ID :
Sun, 09/07/2008 - 10:53
Auther :

Prachanda under pressure to demand end to "unequal" pacts

Shirish B. Pradhan

Kathmandu, Sept 6 (PTI) Prime Minister Prachanda is
under intense pressure from the Maoist leadership to discuss
the review of all "unequal" pacts with India, including the
landmark 1950 Indo-Nepal Peace and Friendship Treaty, during
his forthcoming visit to New Delhi from September 14.

The C.P.N.-Maoist leadership, which is holding
discussions to set the agenda for the landmark visit, has
stepped up pressure on the prime minister to take up the
review of all "unequal treaties" signed between Nepal and
India in the past, including the 1950 Treaty.

The visit, termed as "first political visit" by
Prachanda, comes amid row between the two neighbours over the
breach of the embankment of the Kosi river, which has flooded
Nepal's southern district of Sunsari and the northern parts of
Bihar in India.

Maoist’s Minister for Peace and Reconstruction
Janardan Sharma "Prabhakar" told reporters on Saturday that
the Prime Minister should take up the issue of review of the
1950 treaty with the Indian government as per the demand of
the Nepalese people, who want to re-evaluate this unequal

The C.P.N.-Maoist party has planed a key meeting on
September 12 to firm up the agenda for the Prime Minister's
India visit, sources said.

Prachanda's five day visit from September 14 has been
scheduled after his China visit last month, which sparked a
controversy in both India and Nepal when he broke with
tradition of Nepalese top leaders making New Delhi the first
port of call after taking office.

He will be accompanied by a high-level delegation,
including Deputy Prime Minister Bam Dev Gautam, Finance
Minister Baburam Bhattarai and Water Resources Minister Bishnu
Poudyal, according to a source close to Poudyal.

Nepal C.P.N.-Maoist central committee leader, Devendra
Poudyal, said Prime Minister Prachanda should make efforts to
abrogate Koshi, Gandak, Mahali river treaties and Peace and
Friendship Treaty of 1950 during his visit to India.

Our Prime Minister will put Nepal’s stand clearly and
bravely with India unlike the past governments, he argued on a
local T.V. programme.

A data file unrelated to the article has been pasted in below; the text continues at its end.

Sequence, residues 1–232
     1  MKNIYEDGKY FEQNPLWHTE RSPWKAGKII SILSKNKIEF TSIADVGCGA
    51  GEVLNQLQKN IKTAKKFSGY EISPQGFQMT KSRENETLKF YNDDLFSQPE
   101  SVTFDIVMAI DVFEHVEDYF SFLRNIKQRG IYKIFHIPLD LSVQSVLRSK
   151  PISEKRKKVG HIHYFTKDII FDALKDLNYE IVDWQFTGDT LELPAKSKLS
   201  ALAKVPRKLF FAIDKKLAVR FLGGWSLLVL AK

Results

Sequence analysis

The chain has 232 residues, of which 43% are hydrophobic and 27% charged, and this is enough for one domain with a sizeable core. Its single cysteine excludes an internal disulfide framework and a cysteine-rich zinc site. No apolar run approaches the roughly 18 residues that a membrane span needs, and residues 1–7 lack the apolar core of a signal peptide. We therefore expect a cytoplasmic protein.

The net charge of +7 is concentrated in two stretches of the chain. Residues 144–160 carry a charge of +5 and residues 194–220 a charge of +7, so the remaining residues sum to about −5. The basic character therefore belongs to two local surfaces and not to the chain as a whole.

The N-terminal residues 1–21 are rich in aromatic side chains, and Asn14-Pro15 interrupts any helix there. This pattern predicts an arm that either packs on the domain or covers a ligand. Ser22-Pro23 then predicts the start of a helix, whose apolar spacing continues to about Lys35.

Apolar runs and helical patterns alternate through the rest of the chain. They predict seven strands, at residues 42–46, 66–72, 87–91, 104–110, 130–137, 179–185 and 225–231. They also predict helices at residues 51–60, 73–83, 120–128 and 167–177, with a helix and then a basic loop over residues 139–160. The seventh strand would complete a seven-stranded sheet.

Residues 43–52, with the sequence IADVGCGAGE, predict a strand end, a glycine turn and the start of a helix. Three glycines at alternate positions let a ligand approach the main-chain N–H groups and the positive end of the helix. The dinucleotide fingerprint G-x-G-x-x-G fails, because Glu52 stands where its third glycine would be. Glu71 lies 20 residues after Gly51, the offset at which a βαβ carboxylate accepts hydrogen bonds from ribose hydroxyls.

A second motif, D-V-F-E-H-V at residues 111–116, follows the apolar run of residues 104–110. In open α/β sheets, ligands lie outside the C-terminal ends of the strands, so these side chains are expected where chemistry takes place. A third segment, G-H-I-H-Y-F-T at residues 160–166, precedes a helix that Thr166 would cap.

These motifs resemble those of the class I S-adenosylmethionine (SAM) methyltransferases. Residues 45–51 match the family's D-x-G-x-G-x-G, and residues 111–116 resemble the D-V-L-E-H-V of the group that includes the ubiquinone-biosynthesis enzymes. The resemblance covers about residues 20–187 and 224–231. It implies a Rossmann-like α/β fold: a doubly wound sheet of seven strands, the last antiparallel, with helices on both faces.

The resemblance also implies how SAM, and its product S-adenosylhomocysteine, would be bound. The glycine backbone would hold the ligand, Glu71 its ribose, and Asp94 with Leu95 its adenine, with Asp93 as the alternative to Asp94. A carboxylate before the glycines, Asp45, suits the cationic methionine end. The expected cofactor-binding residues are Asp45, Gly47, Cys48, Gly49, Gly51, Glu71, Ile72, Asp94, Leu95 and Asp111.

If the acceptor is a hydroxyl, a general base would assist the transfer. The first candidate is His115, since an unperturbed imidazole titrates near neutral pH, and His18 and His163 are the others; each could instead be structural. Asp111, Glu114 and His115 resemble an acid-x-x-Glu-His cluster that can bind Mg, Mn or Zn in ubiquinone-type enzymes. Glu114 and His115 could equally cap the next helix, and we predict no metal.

A section of Maoist leadership even want the Prime
Minister to take up the issues raised by the ultra left party
during the decade-long insurgency, including the abrogation of
all unequal treaties, work permit to Indians working in Nepal,
banning Hindi cinema in the country, review of the Koshi
Agreement of 1954 and Mahakali Integrated Development Project
Treaty signed in 1996.

However, the Madhesi People’s Rights Forum (M.P.R.F.),
one of the major partners in the coalition government, is
against raising "controversial" issues such as the 1950 pact
and Koshi agreement during the visit.

B.P.Yadav, central committee member of M.P.R.F. said
the government should not take up "controversial matters" as
the government is yet to establish political stability in the
country. He said while Nepal should focus its attention on
safeguarding its national interest, it should not displease
its neighbours.

Sarvendra Nath Shukla, of the Terai Madhesh Democratic
Party (T.M.D.P.), said the transitional government should not
indulge in acts that could have long-term implications.

The present coalition government’s job is only to
facilitate the framing of a new constitution that will take
the peace process to its logical conclusion, Shukla stressed.

Nepal swore in its first post-royal government on
August 22, ending months of political deadlock over power
sharing. Last month, Prachanda's visit to China sparked a
controversy when he broke with tradition of Nepal's top
leaders visiting India first after taking office.